In the 2nd arrondissement of Paris, near the Grands Boulevards, nestled between Boulevard Sébastopol, Rue du Sentier, and Rue Réaumur, the Sentier district is dedicated to the textile and press industries. However, it is also an area that offers pleasant walks with its charming covered passages that take us back to old Paris (source), as well as its historic alleys and popular atmosphere.
The different faces of Sentier
One of the charms of Paris is the surprising changes in atmosphere that occur in certain neighborhoods, just by crossing a few sidewalks. This magic is also present in the Sentier district, which has several faces. The area around Place des Victoires and its nearby streets (Rue des Petits Pères, Rue la Vrillière, Rue Hérold, etc.) form one part of the district. On the other hand, near the Saint Eustache Church, it's the "bobos" (bohemian bourgeoisie) who come seeking sunny terraces. Meanwhile, Rue Saint Denis and its surroundings are much noisier and more popular. This part of Sentier is crossed, among others, by Rue d'Aboukir, Rue du Caire, Place du Caire, and Rue du Nil (the names of these streets are a reminder of Napoleon Bonaparte's fabulous expedition to Egypt in 1798). Traditionally, the Sentier district has been the preferred place in Paris for wholesale and retail trade of multi-ethnic textiles.
In the past, the lands of Sentier were deserted due to their reputation as too dangerous to live in or even pass through. Today, the rectangle of buildings that makes up the district has become a thriving hub for textile stores and a variety of other commercial activities that have greatly diversified in recent years. Renamed "Silicon Sentier" by the numerous Internet start-ups that have set up shop there, the district is also home to powerful companies like Adopteunmec.com (located on Rue Berger).
Historical memories of the district
If you arrive at the Strasbourg Saint Denis metro exit, walk down Rue Saint-Denis, then immediately turn right onto Rue d'Aboukir: you will enter the Sentier district, a neighborhood full of history. On the left side of the sidewalk, the charming little Place du Caire used to be a former "cour des miracles," a kingdom of beggars, indigents, and vagabonds who pretended to be disabled in the hope of collecting some coins from passersby. A little further away, at number 20 Rue Etienne Marcel, lies a vestige of medieval Paris with a rather curious name: the Tower of Jean Sans Peur. This ancient fortification tower was built in the 15th century by Duke Jean I of Burgundy, also known as Jean Sans Peur. On November 23, 1407, Jean Sans Peur had his cousin, Louis d’Orléans, assassinated. To protect himself from possible reprisals, he had this fortified tower, standing 21 meters high, constructed at his place of residence. If you are passionate about the Middle Ages, you can visit a small exhibition here about life and French society in the 15th century and discover the oldest latrines in Paris.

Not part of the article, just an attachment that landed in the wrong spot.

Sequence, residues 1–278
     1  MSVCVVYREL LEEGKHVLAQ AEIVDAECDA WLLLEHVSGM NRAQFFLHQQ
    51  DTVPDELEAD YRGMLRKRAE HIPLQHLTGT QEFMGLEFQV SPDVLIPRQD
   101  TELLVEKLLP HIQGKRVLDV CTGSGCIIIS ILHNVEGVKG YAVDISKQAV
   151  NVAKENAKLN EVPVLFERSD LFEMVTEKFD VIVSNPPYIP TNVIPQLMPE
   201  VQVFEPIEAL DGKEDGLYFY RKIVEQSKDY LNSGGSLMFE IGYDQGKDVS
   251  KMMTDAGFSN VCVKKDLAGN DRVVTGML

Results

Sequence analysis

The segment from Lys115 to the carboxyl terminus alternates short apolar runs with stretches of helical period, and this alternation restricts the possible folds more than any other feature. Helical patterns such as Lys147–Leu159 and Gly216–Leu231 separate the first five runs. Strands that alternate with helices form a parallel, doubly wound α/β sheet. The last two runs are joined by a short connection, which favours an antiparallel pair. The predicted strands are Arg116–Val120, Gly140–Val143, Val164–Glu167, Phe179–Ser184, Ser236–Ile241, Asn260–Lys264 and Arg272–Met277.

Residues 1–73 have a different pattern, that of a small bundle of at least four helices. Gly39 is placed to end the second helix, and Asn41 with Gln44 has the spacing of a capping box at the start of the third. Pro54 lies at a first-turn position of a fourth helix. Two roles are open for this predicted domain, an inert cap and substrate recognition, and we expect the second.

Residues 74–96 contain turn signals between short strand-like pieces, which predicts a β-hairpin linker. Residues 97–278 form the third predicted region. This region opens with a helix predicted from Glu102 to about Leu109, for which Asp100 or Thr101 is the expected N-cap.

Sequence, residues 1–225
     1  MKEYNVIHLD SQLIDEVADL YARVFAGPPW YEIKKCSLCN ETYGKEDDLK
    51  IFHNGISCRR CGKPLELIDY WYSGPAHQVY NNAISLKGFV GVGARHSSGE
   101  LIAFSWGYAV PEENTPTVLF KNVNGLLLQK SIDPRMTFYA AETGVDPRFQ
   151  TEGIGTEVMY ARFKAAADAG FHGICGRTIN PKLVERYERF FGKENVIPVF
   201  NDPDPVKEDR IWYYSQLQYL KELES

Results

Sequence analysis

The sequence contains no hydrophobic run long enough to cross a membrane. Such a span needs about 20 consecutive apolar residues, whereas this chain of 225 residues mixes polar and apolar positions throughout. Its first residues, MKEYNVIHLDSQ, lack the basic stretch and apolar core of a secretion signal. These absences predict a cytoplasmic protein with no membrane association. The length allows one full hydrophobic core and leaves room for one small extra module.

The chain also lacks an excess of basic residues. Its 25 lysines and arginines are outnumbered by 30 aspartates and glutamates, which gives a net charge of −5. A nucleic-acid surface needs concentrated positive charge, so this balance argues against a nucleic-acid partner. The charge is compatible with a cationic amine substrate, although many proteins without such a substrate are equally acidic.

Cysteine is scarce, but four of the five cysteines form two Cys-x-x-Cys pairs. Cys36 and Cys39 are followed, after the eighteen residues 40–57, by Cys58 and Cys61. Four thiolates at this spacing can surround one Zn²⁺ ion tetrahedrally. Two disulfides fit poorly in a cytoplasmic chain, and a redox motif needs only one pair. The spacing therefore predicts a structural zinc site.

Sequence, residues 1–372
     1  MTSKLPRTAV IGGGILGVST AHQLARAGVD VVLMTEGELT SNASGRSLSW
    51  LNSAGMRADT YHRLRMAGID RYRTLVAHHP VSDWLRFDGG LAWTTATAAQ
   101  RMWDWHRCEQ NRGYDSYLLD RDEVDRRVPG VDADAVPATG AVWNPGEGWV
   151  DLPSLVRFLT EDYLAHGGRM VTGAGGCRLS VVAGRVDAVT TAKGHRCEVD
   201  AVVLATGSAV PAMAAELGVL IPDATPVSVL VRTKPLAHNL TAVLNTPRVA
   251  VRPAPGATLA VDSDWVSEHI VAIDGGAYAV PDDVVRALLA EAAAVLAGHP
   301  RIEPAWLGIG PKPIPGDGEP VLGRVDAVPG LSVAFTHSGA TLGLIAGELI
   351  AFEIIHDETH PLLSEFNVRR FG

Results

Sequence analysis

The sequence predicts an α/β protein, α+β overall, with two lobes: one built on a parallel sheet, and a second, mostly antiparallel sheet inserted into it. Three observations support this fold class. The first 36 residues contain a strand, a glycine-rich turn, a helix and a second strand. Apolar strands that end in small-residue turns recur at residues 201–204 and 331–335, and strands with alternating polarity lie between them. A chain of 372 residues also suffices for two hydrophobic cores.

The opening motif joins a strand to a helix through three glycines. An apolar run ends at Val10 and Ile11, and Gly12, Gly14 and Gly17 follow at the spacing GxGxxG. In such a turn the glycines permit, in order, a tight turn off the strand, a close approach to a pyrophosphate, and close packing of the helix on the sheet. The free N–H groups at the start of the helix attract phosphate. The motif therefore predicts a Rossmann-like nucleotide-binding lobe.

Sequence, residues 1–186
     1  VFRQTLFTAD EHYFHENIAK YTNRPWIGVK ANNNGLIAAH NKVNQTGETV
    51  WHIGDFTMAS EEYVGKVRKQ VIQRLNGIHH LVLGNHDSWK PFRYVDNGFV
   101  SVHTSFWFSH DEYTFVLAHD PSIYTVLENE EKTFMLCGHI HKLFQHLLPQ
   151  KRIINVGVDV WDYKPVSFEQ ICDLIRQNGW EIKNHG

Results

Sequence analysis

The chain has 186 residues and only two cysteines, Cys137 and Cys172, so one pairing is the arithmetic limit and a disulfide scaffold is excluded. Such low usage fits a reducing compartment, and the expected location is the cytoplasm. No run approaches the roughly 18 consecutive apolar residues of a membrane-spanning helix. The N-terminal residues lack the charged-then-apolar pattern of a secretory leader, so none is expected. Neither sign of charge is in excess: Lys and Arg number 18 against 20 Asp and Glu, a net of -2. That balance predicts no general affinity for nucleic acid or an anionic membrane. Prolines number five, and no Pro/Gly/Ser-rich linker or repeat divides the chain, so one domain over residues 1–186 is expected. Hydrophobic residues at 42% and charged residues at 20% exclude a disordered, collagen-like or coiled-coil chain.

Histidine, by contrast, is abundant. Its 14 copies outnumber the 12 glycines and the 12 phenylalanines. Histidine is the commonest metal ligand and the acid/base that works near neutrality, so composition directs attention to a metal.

A little further on, the elegant Place des Victoires, dedicated to Louis XIV's military victories (with his equestrian statue in the middle), is one of the four royal squares in the capital (along with Place Dauphine, Place Vendôme, and Place des Vosges). The arcades of the square house some luxury boutiques, whose splendid window displays never fail to attract tourists and wealthy Parisians. A bit further to the north, the Place des Petits Pères hides the Roman basilica of Notre Dame des Victoires. Dedicated to Mary since 1836, it contains an impressive number of offerings and relics. Lastly, the Galerie Vivienne is certainly one of the most delightful passages in Paris, not to be missed!
The must-see attractions in Paris
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